Find A Spiritual Oasis With The Monks Of Beit Jamal
Why a monastery outside Beit Shemesh is drawing hordes of local and foreign tourists.
On Saturdays and holidays it’s almost impossible to find a parking space close to the Beit Jamal monastery near Beit Shemesh. Even the winding road that leads up to the monastic complex is often jammed with cars. That’s because hordes of Israelis and tourists leave their vehicles on the side of the road in order to enjoy a picnic under olive and carob trees on the monastery grounds. This month, masses of flowering almond trees are a major attraction as well.
People visit Beit Jamal to wander in the garden of the walled monastic complex, to walk around the garden or to explore the unusual church and its antiquities. And visitors can always be found talking to the monastery’s friendly Salesian monks, or making purchases at Beit Jamal shops.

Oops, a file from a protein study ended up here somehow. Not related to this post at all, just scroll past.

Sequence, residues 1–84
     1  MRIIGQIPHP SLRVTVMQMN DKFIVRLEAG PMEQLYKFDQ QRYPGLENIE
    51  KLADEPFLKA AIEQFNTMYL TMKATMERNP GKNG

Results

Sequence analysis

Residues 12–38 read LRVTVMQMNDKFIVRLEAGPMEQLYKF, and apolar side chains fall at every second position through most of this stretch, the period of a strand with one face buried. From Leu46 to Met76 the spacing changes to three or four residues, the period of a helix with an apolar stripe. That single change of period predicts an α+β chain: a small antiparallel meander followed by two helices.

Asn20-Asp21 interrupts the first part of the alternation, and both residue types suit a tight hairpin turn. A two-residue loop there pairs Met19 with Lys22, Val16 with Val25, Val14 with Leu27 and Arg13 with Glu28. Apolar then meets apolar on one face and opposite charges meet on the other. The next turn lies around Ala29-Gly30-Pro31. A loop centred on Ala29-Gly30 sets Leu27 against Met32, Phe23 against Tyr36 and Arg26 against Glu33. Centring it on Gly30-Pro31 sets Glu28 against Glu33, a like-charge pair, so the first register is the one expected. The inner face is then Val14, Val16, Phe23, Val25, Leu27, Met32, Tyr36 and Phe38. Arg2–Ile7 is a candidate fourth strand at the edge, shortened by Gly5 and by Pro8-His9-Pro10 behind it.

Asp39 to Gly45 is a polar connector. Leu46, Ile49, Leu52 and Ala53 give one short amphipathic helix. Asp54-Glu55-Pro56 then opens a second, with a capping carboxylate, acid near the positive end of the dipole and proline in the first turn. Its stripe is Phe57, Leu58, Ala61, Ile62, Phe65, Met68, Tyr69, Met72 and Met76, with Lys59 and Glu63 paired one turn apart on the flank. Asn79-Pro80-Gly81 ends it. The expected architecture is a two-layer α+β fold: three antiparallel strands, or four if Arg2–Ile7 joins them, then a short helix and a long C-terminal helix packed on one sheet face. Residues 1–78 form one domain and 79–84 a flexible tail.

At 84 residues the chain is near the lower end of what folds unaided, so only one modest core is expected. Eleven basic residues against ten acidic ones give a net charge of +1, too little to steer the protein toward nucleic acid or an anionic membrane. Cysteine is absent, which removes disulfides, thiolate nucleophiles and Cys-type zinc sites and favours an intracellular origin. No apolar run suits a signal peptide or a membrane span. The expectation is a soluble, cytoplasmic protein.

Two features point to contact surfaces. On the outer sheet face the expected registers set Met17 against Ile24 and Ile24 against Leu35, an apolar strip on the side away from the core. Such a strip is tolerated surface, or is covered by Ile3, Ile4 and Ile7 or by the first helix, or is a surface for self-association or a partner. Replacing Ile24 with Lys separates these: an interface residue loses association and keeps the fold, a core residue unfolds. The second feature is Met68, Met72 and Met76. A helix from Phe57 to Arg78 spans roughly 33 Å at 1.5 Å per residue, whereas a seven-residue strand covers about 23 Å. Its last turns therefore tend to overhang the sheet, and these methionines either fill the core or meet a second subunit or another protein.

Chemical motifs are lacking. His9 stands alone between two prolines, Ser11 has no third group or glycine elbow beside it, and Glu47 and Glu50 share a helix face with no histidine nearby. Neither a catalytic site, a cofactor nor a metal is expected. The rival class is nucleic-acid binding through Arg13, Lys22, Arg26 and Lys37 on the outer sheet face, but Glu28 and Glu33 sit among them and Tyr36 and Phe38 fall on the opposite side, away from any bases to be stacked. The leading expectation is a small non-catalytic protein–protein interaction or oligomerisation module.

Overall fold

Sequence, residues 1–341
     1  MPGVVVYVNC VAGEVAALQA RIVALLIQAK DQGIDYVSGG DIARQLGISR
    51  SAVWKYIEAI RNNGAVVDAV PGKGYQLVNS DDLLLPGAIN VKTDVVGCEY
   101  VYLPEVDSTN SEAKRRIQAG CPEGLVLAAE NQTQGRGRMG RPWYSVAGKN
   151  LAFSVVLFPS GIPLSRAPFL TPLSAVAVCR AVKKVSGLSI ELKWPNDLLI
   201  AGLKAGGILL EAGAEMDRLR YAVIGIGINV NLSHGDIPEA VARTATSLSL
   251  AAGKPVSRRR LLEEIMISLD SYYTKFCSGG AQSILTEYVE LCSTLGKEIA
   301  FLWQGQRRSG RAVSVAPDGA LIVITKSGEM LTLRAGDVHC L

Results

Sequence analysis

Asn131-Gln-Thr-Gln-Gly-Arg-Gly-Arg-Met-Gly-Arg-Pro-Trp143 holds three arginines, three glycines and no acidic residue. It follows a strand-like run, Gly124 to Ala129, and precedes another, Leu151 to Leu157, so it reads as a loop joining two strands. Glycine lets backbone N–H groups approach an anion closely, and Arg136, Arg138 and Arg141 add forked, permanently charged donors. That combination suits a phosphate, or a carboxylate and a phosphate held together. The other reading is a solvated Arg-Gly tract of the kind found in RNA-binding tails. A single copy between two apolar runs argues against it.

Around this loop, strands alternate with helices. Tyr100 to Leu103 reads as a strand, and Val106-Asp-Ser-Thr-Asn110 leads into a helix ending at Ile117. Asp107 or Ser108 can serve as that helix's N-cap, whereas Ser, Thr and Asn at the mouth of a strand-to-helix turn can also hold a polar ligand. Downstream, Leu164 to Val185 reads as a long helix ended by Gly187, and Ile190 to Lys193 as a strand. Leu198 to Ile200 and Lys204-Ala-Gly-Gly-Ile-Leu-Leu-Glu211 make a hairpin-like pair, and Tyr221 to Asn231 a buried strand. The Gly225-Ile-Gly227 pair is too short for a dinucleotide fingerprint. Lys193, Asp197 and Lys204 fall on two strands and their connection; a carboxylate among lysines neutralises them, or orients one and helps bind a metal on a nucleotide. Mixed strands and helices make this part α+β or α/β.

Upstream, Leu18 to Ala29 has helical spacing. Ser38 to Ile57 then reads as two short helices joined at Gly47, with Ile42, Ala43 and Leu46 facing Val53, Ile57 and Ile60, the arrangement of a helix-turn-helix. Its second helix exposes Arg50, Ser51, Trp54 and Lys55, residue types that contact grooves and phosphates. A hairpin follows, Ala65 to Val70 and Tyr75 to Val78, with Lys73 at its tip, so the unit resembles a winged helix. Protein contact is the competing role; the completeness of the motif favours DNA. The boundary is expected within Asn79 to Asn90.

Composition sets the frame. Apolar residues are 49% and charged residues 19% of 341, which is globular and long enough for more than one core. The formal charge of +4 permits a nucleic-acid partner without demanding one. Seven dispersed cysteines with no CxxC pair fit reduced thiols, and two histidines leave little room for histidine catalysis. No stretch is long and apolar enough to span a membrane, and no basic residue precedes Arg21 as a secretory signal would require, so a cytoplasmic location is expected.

Tourists began flocking to Beit Jamal several decades ago. That’s when, for lack of candidates, the monastery ceased to function as a school for underprivileged Arab children. Instead, the monks began taking in groups and individuals who wanted to spend a few days on a spiritual retreat.
At about the same time they opened a shop carrying honey from the monastery bees, olive oil from monastery trees and wine from grapes grown in their vineyards and processed at the Cremisan monastery winery just south of Jerusalem.
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